Saving Animals: A Future Activist’s Guide is a guide for anyone age 7 to 17 to animal and environmentalism activism (peaceful ways to create change). The book covers all aspects of animal protection – from pets to farm animals to wildlife), plus how to make the world a better place for animals including vegan outreach, animal advocacy and volunteering. Whatever your personality, skills or age, you’ll find something to inspire.
You’ll learn why animal protection is vital for all living beings and our planet, and find over 2 dozen interviews and stories with young activists (from 7 to 22) who are doing amazing things, to help create a kinder world. Catherine Kelaher was raised in England and now lives in Australia, where she is founder of a charity that rescues and re-homes animals from factory farms.
How to Be An Activist is by experienced campaigner Vanessa Holburn, with a foreword by award-winning animal welfare campaigner Lorraine Platt. It covers all you need to know to start a successful local campaign, from identifying the issues to learning how to work effectively with media, and staying safe within the law.
- Identifying the problem
- Finding your tribe
- Getting organised
- Gathering your information
- Spreading the message
- Direct action
- Online petitions
- Pressure groups
- All-party parliamentary groups
- The media & social media
- Budgeting & fundraising
- The law for campaigners
- Personal safety
Essential reading for anyone looking to start a grassroots campaign. And useful bedtime reading for some of our political parties too. Hannah Beckerman
I wish this book was available when I started campaigning for accessible toilets. Sarah Brisdion, Changing Places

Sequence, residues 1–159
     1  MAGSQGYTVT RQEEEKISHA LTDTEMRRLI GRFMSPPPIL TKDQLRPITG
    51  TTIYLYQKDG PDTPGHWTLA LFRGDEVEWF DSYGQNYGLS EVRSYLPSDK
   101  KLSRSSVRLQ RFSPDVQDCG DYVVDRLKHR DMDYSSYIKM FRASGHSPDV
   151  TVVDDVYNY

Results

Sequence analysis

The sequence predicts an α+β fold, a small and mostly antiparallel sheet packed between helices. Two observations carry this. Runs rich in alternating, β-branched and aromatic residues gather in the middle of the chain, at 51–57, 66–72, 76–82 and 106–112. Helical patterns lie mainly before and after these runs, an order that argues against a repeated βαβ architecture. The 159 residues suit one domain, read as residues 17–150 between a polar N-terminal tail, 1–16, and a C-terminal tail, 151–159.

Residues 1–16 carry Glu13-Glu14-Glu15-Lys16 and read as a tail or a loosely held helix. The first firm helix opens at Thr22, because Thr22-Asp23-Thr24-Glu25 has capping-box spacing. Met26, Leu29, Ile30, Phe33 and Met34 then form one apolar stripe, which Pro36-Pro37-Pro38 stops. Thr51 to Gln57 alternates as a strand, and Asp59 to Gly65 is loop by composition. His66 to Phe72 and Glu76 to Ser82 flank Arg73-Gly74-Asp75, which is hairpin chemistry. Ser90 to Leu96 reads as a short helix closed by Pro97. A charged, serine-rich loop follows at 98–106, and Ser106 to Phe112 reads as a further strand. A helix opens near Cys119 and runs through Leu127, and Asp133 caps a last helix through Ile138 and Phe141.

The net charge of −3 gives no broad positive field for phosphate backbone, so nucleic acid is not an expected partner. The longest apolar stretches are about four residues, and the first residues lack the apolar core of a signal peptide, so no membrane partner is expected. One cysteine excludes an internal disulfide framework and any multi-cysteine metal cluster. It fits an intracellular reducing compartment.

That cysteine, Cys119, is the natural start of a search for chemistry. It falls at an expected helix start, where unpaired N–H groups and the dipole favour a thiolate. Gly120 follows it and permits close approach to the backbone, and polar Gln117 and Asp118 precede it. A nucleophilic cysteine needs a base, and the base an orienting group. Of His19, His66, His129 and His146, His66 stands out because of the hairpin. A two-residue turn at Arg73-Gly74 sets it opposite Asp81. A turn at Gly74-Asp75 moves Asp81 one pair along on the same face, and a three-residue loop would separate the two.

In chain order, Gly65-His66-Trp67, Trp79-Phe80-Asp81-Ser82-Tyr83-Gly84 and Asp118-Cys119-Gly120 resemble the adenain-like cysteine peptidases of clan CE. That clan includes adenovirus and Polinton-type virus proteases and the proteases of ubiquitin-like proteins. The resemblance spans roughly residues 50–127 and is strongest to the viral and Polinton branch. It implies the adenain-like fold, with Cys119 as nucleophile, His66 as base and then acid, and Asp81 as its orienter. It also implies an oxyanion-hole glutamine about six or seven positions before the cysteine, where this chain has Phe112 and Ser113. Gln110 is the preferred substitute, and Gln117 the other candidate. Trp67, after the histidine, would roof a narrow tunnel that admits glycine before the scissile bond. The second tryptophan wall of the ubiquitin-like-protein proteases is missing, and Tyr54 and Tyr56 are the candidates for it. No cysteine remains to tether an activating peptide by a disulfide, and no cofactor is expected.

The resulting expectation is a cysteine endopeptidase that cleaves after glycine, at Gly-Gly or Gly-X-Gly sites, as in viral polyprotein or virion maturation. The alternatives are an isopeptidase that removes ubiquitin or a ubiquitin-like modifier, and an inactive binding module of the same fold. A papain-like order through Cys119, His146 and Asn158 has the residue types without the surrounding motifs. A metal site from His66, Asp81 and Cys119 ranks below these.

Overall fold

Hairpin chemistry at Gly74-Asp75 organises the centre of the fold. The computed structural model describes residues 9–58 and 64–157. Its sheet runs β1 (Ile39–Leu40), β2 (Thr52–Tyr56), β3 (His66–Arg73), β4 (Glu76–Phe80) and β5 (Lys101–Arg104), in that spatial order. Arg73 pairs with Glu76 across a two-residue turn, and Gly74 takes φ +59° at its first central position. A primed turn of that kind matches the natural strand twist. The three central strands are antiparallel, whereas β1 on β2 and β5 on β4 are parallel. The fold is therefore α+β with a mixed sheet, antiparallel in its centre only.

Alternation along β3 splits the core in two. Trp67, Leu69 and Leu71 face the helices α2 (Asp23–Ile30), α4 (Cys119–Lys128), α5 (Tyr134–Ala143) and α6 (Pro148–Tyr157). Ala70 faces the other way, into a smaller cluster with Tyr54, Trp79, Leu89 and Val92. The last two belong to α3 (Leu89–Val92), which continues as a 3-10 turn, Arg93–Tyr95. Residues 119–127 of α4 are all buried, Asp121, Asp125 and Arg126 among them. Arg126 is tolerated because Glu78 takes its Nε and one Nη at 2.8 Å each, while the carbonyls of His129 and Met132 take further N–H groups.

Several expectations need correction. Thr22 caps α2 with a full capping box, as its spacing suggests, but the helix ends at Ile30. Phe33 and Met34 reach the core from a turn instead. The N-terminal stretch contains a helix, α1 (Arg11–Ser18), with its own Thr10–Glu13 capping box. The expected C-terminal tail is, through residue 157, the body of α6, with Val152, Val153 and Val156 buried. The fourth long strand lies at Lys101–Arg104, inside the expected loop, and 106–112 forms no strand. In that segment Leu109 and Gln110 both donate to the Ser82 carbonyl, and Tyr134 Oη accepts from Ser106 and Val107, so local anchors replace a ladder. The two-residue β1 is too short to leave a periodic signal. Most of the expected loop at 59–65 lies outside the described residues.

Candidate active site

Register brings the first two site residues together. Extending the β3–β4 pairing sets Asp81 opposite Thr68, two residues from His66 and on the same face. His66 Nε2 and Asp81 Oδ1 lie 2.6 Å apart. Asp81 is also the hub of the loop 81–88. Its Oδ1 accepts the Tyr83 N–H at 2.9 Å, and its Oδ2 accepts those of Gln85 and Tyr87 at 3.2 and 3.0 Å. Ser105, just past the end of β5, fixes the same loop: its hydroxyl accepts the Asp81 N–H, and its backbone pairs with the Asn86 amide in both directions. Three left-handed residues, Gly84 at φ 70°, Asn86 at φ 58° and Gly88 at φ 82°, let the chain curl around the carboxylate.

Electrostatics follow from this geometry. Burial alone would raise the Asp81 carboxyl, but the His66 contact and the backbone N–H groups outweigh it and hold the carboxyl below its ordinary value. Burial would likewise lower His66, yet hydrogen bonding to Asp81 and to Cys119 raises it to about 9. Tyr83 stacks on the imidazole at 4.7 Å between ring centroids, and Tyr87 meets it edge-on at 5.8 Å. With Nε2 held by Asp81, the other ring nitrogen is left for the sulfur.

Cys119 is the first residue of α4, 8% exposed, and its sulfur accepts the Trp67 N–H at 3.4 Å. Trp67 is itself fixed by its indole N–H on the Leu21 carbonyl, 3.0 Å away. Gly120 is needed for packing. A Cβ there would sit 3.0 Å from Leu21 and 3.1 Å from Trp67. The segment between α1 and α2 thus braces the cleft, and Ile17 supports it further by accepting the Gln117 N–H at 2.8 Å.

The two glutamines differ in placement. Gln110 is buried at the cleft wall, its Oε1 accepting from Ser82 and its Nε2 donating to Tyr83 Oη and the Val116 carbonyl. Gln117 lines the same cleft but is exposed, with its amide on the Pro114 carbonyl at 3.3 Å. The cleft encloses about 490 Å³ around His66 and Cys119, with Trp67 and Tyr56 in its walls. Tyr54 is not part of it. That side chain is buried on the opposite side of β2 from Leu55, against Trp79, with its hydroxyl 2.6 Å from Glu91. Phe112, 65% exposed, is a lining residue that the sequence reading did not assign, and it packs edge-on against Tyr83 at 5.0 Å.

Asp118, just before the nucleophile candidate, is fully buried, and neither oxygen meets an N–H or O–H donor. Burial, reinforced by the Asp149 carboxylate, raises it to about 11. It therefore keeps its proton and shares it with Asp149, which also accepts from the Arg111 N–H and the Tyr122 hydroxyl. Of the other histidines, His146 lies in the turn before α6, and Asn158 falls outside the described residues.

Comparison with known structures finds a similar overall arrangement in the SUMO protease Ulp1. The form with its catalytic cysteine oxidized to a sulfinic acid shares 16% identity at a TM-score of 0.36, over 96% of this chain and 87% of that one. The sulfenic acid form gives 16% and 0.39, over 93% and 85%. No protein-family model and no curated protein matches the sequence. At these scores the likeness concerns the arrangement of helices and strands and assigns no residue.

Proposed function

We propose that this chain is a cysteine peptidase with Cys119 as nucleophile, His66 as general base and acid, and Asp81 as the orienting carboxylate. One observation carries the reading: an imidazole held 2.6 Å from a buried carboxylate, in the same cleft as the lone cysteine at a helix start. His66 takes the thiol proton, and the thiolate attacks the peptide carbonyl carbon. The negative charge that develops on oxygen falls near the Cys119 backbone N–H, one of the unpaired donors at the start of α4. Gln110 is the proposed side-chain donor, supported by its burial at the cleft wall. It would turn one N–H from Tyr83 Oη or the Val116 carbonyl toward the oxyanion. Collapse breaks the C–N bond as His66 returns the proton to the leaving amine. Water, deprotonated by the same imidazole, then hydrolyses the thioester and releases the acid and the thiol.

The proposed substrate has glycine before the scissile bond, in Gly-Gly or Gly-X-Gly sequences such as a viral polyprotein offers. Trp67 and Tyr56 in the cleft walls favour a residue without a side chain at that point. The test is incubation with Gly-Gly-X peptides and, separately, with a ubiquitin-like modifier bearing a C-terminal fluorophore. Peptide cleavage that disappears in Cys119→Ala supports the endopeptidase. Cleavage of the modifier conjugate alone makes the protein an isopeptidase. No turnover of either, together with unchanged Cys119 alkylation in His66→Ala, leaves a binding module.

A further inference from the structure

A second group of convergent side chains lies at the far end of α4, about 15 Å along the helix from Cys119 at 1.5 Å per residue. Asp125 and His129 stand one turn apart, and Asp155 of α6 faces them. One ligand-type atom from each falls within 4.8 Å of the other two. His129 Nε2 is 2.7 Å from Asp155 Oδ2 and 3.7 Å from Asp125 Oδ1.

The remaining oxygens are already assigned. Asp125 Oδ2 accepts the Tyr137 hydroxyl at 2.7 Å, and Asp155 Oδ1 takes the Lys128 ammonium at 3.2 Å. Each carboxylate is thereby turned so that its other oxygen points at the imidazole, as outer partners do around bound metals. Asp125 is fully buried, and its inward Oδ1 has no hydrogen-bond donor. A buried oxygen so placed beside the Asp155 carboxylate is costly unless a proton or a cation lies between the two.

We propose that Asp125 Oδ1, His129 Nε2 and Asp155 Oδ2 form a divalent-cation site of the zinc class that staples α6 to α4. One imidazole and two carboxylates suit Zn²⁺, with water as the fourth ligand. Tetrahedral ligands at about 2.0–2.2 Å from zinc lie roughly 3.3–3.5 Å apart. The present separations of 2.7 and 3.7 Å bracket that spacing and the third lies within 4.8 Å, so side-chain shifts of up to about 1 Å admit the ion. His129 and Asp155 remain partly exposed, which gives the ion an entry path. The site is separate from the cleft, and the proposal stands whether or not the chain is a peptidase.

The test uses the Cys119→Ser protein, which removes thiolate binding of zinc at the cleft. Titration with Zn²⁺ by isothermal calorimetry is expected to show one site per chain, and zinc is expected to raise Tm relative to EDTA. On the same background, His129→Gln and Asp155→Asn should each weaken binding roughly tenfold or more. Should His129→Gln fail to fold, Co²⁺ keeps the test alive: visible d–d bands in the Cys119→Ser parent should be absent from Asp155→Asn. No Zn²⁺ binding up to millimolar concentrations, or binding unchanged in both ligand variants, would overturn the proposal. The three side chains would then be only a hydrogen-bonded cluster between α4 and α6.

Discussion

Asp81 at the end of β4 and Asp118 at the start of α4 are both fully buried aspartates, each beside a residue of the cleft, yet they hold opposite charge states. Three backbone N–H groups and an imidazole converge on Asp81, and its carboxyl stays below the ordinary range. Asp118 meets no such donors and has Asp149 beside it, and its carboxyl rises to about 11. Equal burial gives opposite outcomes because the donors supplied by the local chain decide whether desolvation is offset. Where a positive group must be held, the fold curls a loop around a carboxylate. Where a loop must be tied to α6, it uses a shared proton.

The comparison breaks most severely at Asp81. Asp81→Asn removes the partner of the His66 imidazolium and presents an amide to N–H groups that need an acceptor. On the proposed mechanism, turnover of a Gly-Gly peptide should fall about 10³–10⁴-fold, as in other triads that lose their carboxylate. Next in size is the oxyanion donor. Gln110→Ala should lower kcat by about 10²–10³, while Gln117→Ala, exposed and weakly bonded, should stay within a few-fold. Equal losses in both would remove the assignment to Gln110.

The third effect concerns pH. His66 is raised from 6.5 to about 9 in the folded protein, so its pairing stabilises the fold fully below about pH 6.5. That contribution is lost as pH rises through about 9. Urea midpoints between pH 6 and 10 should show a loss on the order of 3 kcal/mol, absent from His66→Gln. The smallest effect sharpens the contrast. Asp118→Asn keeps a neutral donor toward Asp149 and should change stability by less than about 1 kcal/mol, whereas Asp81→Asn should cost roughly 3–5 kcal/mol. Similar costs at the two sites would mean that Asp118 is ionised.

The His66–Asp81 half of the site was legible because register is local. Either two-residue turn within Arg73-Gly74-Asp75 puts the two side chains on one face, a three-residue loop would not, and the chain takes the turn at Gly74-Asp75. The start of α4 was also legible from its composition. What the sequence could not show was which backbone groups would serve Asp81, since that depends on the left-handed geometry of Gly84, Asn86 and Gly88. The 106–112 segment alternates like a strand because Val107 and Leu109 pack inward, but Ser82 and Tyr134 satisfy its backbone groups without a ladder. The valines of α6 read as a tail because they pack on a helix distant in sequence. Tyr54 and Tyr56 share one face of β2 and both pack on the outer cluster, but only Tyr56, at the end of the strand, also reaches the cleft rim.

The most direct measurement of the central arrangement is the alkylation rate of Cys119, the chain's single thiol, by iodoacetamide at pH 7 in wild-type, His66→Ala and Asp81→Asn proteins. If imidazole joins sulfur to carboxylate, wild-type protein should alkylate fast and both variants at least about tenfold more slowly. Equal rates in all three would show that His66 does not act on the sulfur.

There’s no time like the present to make the world a kinder safer place for all beings. This wonderful book will empower you to get up off your sofa and make that change. Emily Lawrence
Vanessa Holburn is used to waving banners in the rain. A working journalist, she was instrumental in creating Lucy’s Law, which has recently finally banned puppy mills in the UK. She is proof that ordinary people can achieve extraordinary change.
A Book for Animal Activists & Others
Aftershock is an important book on how those involved in stressful campaigns can recover enough to carry on. Written for people who work in areas like animal or human rights abuses, the main issue is often a world that does not care. Many activists do so much wonderful work, but then struggling with the physical and emotional reverberations of frightening, horrifying or traumatising experiences in the course of their work. This book explores the culture of trauma that people have created through our violent exploitation of the earth, animals and each other. And says that the obvious solution is to heal these injuries, by creating a more peaceful work. The book is also useful for therapists who treat trauma, and anyone who wants to reduce the amount of terror in the world.